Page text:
The US has killed four mid-level Islamic State commanders in airstrikes in both Iraq and Syria since the beginning of December 2016, the military announced over the past week. The Islamic State commanders were involved in military, suicide, chemical, and financial operations, according to the US military.
Colonel John Dorrian, the Spokesman for Combined Joint Task Force Operation Inherent Resolve, announced the deaths of Imad Abdullah Hamud al Mahallawi, Abu Turk, and Falah al Rashidi at a press conference yesterday. US Central Command issued a statement on the killing of Abu Jandal al Kuwaiti on Dec. 29.
The US killed both al Rashidi and Abu Turk in separate airstrikes on Dec. 4, 2016. Al Rashidi was “was involved in ISIL’s [Islamic State] use of VBIEDs,” or suicide car bombs, in the city of Mosul, where the Islamic State is under assault from Iraqi forces, Iranian-backed Shiite militias, and Kurdish Peshmerga. The suicide bomb has been one of the Islamic State’s most effective weapons in Mosul, and Coalition aircraft have launched numerous airstrikes against suicide bombs and factories. The group claims to have used 220 “martyrdom operations” during the first 10 weeks of its defense of Mosul; this accounts for 20 percent of the claimed 1,112 suicide operations claimed in Iraq and Syria, during 2016. [See FDD’s Long War Journal report, Islamic State claims historically high number of suicide attacks in 2016.]
Dorrian described Abu Turk as an Islamic State “financial facilitator in Qanfusah, Iraq, who had connections to ISIL leaders and facilitated funds to the group.” He was killed during fighting in the Iraqi city of Sharqat just south of Mosul, which was recently wrested from the Islamic State.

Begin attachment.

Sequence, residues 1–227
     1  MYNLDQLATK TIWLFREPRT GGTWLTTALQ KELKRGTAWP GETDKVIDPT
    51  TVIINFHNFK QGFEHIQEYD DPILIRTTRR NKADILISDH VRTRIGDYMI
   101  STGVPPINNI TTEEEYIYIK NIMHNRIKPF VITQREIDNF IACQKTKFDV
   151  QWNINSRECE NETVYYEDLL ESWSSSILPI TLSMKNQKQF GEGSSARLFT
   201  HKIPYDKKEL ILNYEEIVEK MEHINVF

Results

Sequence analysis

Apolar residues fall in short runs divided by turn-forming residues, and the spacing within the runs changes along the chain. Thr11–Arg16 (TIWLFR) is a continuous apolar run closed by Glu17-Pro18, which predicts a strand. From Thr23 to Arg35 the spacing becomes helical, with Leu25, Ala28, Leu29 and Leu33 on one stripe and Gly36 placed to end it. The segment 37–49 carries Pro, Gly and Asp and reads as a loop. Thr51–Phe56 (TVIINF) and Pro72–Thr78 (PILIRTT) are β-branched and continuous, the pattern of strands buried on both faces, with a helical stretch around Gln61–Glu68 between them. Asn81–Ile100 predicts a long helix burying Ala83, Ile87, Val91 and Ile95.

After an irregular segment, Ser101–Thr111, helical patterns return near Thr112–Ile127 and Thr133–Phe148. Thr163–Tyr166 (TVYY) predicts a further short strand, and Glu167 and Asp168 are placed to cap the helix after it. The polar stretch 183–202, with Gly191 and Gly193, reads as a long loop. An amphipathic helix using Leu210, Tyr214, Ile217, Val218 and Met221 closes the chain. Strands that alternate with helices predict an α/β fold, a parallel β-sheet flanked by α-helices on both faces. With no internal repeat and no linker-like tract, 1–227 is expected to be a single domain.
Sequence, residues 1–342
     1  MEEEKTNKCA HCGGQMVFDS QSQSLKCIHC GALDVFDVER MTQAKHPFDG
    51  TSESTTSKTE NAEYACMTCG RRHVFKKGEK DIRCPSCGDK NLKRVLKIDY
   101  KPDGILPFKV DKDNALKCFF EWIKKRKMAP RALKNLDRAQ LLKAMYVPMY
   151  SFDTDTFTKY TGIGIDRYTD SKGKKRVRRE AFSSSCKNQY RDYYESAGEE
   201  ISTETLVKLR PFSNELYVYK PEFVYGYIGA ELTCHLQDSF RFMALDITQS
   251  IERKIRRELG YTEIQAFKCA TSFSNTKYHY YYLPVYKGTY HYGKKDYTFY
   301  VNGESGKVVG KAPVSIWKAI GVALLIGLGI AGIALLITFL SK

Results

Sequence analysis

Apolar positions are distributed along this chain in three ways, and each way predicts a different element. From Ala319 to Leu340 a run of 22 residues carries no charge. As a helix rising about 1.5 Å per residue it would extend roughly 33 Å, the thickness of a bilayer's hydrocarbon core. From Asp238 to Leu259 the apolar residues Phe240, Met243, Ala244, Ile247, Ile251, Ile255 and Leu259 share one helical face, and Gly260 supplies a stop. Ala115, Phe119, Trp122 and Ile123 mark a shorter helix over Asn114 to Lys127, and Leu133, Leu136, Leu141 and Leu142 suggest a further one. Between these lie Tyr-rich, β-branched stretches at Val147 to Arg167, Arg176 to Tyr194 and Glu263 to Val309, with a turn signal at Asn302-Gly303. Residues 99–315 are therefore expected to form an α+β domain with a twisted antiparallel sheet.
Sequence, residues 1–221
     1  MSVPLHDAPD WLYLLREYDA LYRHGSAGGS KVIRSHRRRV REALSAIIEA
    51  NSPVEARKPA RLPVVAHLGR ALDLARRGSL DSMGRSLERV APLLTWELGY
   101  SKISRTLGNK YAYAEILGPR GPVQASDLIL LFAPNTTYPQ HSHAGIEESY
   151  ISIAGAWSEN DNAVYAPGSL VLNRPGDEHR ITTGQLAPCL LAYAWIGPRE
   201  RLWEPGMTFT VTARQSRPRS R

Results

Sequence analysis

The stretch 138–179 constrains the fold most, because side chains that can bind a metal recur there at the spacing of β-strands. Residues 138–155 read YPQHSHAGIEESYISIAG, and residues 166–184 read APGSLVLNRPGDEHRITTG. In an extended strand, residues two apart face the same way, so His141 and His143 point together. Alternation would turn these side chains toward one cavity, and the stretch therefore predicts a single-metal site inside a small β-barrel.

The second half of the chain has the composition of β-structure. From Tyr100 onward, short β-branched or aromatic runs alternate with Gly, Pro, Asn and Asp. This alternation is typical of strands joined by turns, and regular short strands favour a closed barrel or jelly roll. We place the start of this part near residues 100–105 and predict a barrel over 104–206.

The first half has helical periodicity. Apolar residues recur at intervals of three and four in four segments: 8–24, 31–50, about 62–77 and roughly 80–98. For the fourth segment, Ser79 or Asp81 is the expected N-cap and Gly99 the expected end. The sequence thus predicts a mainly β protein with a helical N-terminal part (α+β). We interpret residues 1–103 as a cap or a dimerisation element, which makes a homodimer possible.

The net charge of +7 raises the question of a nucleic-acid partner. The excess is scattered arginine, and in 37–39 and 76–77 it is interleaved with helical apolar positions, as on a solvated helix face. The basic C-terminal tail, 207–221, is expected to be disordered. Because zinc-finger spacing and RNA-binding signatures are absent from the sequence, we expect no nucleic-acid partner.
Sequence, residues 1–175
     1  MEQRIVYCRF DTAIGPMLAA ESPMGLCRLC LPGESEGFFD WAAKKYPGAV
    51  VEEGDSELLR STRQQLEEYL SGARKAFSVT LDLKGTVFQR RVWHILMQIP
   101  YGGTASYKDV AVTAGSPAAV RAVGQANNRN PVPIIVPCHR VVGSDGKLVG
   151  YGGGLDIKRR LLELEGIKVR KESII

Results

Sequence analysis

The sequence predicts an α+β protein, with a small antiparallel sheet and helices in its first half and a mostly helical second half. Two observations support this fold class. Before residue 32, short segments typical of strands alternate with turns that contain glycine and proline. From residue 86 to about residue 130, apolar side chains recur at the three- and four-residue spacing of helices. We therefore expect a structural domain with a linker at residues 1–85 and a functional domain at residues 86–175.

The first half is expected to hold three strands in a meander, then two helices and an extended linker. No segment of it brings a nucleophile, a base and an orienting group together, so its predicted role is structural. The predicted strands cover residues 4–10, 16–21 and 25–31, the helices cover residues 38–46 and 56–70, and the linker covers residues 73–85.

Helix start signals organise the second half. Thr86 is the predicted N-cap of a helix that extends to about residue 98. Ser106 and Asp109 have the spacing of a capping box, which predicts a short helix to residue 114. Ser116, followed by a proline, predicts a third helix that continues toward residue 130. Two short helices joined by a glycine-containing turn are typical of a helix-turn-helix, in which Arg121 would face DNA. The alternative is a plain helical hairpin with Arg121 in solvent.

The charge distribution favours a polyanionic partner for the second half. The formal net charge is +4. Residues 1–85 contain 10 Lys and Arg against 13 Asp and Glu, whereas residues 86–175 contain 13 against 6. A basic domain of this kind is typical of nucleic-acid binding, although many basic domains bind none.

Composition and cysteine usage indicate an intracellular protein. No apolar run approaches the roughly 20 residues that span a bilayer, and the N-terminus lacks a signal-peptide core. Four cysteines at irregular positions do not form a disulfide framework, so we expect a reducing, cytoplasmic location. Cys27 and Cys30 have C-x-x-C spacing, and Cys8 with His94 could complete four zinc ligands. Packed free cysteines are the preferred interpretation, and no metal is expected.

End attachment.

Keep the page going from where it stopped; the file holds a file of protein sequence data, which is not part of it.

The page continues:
Al Mahallawi, a “legacy al Qaeda Iraq member serving as an ISIL leader in Al Qaim,” was killed on Dec. 21, 2016 in an airstrike in Al Qaim, the western Iraqi town on the border with Syria where he commands troops. The Islamic State controls Al Qaim and the towns along the Euphrates River Valley up to Anah. Dorrian described al Mahallawi’s death as “significant because as ISIL continues to lose population centers, they want to transition towards spoiler attacks in the outlying areas of Iraq and Syria.”
Al Kuwaiti, who was killed near the Tabqa Dam in Syria, was described as “an ISIL gang leader in Raqqah” who previously served as a member of the Islamic State’s “War Committee,” which is tasked with directing the group’s offensive and defensive military operations in Iraq and Syria. Al Kuwaiti was involved in the Islamic State’s December 2016 recapture of the Syrian city of Palmyra.
“Abu Jandal was involved in the use of suicide vehicles, IEDs and chemical weapons against the SDF,” or Syrian Democratic Forces, an alliance of rebel groups and militias that is attempting to drive the Islamic State from its strongholds in northern Syria, including Raqqah. He was “reassigned to Tabqa to try to improve ISIL’s defenses” against the SDF.
The US military has targeted senior and mid-level Islamic State leaders, external operations planners, and military commanders while also striking the groups military and civilian infrastructure throughout Iraq and Syria in an effort to deny the group territory and deal it a “lasting defeat.” Among the most important leaders killed in 2016 include Abu Muhammad al Adnani, the group’s top spokesman and external operations leader; Abu Omar al Shishani, the Islamic State’s war minister; Wa’il Adil Hasan Salman al-Fayad, the information minister and central shura member; and Abd al-Basit al-Iraqi, the emir of the Middle East external networks.
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